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Maori Party's 'No Dole' will increase poverty

16 October 2008

Maori Party's 'No Dole' will increase poverty, social risks

Maori Party Co-Leader Tariana Turia's suggestion yesterday that the dole should be scrapped is dangerous in the extreme, and especially for Maori who tend to be disproportionately unemployed, the Green Party says.

"The Greens are right behind the Maori Party's call for full-wage job creation schemes, but abolishing the dole altogether means a return to the days when unemployed workers and their families were dependent on charities, local Government or family for handouts," Social Development Spokesperson Sue Bradford says.

"Whichever combination of political parties forms the next Government in this country, unemployment is going to rise," Ms Bradford says.

"Until we reach the happy day when we have a Government committed to creating jobs for all unemployed people, there will always be those for whom the unemployment benefit is the only means of survival.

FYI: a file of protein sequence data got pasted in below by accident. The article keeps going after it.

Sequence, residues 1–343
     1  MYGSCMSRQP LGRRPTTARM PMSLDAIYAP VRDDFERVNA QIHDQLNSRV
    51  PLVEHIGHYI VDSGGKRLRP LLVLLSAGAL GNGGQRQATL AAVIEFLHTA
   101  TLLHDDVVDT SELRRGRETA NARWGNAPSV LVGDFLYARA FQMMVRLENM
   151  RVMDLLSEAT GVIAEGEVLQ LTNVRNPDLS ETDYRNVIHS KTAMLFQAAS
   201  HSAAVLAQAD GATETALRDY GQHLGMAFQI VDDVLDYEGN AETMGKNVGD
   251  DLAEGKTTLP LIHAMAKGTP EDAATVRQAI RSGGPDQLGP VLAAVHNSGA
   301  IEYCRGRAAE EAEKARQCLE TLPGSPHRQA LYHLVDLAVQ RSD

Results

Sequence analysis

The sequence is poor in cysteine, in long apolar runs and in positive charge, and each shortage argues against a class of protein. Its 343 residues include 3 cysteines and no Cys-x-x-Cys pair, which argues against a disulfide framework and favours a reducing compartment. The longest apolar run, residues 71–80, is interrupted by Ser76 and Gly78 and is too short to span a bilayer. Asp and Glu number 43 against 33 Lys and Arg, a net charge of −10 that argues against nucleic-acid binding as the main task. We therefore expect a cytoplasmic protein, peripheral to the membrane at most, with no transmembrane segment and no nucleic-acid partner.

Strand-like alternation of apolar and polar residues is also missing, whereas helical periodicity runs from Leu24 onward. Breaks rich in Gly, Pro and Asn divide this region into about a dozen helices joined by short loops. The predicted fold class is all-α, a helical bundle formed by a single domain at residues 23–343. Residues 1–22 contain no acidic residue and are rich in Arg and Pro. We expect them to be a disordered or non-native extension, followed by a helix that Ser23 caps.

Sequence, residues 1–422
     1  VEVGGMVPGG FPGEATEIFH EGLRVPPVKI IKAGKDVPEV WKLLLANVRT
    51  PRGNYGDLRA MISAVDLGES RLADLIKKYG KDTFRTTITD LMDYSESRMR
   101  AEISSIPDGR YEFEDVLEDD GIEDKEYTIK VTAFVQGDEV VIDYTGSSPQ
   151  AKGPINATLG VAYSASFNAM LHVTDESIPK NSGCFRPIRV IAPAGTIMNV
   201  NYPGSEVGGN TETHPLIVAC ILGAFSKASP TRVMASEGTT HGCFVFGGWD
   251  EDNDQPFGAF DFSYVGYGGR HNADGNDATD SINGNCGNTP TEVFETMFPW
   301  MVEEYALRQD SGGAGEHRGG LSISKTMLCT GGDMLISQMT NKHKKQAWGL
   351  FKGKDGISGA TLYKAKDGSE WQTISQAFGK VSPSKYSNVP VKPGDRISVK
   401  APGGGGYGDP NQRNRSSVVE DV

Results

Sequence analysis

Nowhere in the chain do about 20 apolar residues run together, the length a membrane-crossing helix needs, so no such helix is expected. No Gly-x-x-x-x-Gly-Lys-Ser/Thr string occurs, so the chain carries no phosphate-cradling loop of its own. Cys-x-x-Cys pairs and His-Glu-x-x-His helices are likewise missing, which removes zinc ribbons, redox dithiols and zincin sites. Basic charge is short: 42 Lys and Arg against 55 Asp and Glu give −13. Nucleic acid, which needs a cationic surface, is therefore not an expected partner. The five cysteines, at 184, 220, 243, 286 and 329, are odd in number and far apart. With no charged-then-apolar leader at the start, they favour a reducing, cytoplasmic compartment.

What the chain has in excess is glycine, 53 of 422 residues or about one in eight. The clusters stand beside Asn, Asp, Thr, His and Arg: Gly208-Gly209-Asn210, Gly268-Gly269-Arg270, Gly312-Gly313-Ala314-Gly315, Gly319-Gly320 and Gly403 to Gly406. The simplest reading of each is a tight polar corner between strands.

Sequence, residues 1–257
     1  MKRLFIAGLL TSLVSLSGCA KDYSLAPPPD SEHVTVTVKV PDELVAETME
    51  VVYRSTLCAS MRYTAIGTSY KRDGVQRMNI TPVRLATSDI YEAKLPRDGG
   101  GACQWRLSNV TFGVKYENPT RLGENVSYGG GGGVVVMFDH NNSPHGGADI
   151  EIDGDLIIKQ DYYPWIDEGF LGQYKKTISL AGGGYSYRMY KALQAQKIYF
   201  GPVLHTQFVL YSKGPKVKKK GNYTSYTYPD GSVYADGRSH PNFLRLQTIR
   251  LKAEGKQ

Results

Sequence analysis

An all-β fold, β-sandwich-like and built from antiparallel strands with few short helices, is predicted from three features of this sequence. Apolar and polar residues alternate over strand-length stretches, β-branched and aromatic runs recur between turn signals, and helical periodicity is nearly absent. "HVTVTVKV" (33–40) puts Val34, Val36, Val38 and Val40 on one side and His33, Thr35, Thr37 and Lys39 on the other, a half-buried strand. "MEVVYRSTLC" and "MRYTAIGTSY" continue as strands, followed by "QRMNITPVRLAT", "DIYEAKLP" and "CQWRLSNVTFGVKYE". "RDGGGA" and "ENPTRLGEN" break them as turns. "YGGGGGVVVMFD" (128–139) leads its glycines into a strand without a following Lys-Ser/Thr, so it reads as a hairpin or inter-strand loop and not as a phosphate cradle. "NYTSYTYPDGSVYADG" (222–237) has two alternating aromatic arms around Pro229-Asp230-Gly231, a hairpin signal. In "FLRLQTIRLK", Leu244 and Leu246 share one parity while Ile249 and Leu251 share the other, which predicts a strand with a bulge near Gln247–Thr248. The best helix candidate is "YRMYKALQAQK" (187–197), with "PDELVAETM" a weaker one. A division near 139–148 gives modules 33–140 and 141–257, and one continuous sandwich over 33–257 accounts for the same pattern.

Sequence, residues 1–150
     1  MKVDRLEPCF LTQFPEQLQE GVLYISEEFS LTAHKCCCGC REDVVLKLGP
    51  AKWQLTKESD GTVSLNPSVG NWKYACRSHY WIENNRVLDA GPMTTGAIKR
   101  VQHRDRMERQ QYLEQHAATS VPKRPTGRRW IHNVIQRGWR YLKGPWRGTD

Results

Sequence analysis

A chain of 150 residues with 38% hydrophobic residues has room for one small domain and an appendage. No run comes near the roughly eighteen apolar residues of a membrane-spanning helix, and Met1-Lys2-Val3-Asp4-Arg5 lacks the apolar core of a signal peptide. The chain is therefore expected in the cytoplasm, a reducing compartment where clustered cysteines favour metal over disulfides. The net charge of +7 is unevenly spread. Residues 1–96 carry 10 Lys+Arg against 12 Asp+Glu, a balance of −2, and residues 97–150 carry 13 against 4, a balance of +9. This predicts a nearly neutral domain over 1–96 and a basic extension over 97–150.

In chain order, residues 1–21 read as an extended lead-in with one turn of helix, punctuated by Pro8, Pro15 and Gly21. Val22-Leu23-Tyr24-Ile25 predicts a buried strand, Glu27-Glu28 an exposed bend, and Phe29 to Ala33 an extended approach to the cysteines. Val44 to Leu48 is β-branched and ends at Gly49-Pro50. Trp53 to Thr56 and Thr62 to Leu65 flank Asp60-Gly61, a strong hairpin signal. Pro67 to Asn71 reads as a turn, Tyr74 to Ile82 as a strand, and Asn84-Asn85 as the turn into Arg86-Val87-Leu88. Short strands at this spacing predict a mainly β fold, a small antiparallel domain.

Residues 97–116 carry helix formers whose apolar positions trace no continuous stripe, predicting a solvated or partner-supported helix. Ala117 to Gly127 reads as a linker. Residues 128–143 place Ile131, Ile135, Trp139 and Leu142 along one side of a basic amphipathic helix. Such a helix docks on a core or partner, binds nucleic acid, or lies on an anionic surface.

"If this meagre support is removed, we will see family breakdown, child poverty, crime, begging and homelessness at levels way beyond anything we can conceive of at present.

"Since Labour came to power at the peak of the Great Depression of the 1930s, there has been cross party consensus that a welfare safety net is the best way of helping individuals and families through hard times.

"If the dole is taken away, a huge hole will be ripped in that safety net."

The Green Party's key policies in this area include:

* Government should work to achieve full employment even at times of recession, with the goal of getting as many people into real jobs at real wages as possible.

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* No forced work for the dole.

* The provision of welfare benefits at levels people can actually live on for all unemployed people, as well as for sole parents, the sick and the injured.

* Strong support for community and hapu and iwi based initiatives which create work in local communities, including in rural and provincial areas, doing socially and environmentally useful work.

"'Unemployed workers need the security of knowing that they can feed, house and clothe themselves and their families when they are between jobs. Any deliberate breaking of the political consensus on this takes our country down a dangerous and slippery path."

ENDS

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